I walked into the barnyard with an armful of hay for afternoon feeding and there was Biddy lying on her side.
I dropped the hay and squatted down next to her, I didn’t think, I just put my hands under her to help her get up.
Getting a sheep who is down up on her feet is important. If they can get up and stand on their own, they’re already doing a little better. Biddy got right up with a little help and shook her head. Then she walked into the pole barn. Always a safe place for the animals.
Jon was with me and said we should get her in the stall in the barn if possible. I opened up the gate and, as if she knew, she walked right in.
I brought her some hay and she started eating right away. I also gave her a cup of grain, water in a heated bowl and spread straw on the ground. By the time I got done, Biddy looked as if nothing had happened. She was baaing to be with the other sheep.
We’re not sure what happened and may never know. It made be that she had a mild stroke. Jon has had that happen to one of his sheep before.
Biddy is old, although we’re not sure how old. She is the last of the Romneys we rescued from a farmer in 2016 when she couldn’t care for them any longer. There were four of them, Rosemary, Izzy, Griselle and Biddy. (Click here to see when Griselle and Biddy first came to the farm) All four sheep hadn’t been shorn in a couple of years and their wool was felting on their bodies.
But after we had them shorn they had the most beautiful wool, which I sold for years. Biddy’s wool doesn’t grow as quickly or as thick as it used to, but it’s still soft, and lush.
It was upsetting to find Biddy laying on the ground this afternoon. I didn’t see any indication that there was anything wrong with her. It was unexpected. But I was encouraged when she got right up and started eating. And except for shaking her head a few times, she showed no other signs of being ill.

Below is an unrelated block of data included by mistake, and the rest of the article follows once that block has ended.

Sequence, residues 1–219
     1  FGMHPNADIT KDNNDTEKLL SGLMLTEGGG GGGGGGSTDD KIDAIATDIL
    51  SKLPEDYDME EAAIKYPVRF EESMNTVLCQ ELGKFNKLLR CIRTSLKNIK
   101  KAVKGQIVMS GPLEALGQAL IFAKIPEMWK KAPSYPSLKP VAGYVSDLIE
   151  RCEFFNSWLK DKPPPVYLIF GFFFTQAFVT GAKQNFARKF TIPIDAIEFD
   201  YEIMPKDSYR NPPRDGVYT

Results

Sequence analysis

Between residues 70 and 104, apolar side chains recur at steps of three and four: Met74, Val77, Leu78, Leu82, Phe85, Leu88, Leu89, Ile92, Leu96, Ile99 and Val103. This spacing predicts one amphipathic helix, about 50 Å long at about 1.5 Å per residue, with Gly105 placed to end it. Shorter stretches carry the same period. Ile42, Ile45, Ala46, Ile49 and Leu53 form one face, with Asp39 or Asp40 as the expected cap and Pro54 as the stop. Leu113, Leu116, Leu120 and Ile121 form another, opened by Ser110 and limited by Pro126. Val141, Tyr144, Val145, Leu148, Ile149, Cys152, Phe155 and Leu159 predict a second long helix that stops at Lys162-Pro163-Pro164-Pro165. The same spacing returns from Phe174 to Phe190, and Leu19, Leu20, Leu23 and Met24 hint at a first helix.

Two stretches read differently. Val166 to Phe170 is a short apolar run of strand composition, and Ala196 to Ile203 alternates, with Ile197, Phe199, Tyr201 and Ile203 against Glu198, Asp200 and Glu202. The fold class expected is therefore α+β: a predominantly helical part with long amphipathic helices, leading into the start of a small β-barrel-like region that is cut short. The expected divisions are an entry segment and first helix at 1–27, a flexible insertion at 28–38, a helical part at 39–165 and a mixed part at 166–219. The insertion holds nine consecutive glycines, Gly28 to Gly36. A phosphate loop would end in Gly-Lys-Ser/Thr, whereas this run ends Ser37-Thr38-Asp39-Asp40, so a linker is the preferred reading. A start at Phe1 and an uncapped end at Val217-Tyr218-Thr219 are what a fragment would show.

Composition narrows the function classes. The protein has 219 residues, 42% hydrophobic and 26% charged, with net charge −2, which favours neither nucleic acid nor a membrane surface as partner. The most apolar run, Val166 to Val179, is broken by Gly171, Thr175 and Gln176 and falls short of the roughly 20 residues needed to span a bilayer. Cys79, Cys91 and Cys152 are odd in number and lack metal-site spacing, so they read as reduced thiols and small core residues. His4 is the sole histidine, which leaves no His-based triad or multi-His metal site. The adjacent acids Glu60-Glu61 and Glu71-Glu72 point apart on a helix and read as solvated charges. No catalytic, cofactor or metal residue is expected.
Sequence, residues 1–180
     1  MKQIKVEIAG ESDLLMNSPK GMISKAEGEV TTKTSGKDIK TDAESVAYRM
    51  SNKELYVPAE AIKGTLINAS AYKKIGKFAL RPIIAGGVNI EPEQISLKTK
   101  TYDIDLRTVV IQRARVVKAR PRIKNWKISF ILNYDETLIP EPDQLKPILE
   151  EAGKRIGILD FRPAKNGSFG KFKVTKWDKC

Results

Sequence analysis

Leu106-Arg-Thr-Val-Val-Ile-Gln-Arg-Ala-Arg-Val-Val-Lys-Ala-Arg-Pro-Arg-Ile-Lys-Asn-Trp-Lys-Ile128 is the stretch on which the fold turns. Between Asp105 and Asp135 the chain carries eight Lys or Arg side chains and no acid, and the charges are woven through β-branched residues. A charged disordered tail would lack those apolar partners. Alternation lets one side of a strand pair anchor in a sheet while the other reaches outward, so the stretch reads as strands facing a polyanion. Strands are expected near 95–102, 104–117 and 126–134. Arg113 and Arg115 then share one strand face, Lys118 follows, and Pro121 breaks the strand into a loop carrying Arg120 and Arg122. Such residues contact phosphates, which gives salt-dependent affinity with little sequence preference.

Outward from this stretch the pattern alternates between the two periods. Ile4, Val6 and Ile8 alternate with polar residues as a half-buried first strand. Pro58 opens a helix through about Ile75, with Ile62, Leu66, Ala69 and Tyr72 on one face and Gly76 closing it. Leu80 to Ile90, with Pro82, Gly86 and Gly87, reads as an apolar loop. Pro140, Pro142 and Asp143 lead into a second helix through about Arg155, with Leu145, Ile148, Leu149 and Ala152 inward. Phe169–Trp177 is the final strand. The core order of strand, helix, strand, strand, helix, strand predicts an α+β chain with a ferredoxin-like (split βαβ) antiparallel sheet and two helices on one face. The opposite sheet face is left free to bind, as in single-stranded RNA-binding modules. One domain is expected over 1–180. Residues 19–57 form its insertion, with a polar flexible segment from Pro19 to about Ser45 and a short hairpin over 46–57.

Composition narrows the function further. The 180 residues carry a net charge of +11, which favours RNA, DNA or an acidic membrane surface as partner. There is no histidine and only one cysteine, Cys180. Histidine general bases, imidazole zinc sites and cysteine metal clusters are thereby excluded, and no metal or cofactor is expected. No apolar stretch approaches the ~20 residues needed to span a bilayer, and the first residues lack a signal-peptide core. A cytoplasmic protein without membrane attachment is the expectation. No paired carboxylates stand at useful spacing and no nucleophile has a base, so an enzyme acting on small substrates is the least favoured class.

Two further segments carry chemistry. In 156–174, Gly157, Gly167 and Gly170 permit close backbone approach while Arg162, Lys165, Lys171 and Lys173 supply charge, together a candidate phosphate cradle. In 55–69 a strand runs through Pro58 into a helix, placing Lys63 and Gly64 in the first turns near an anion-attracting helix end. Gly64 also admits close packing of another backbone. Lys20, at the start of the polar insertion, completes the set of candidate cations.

We’ll keep Biddy in the stall in the barn for the next couple of days and see how she does. We also don’t want her out in the cold weather that is coming tomorrow.
The good news is tonight when Jon and I went to check on Biddy she was standing up, alert, nibbling on hay and looking like her old self. The donkeys and sheep were as close as they could be, just on the other side of the gate.
I’m hopeful that Biddy will be okay. I don’t know for sure of course, but she’s acting like herself, as if nothing unusual happened today.
I also want to say that I understand that some people think they are being helpful and will try to give us advice about how to take care of Biddy. But because no one knows all the detail but us, it actually isn’t helpful.
Jon and I do not need any advice about taking care of Biddy or any of our sheep. Between us, we have many years of experience with our sheep and any medical help we need we get from our Veterinarian who we have been working with for years and trust completely.
2 thoughts on “Biddy Was On Her Side, Now She’s Back On Her Feet”
No advice, just curious. If it distresses her to be apart from the others, and the temps are going to be so low. Why not let others into barn, so can be together and warmer?
Lesley, Biddy isn’t stressed because the sheep and donkeys are just on the other side of the gate. As long as they can see and hear each other they are fine. And the space is much too small for all the sheep. It would be unhealthy to have them all in such a small space. The sheep have nice wool coats and as long as the animals can get out of the wind, which they can in the pole barn, they are fine.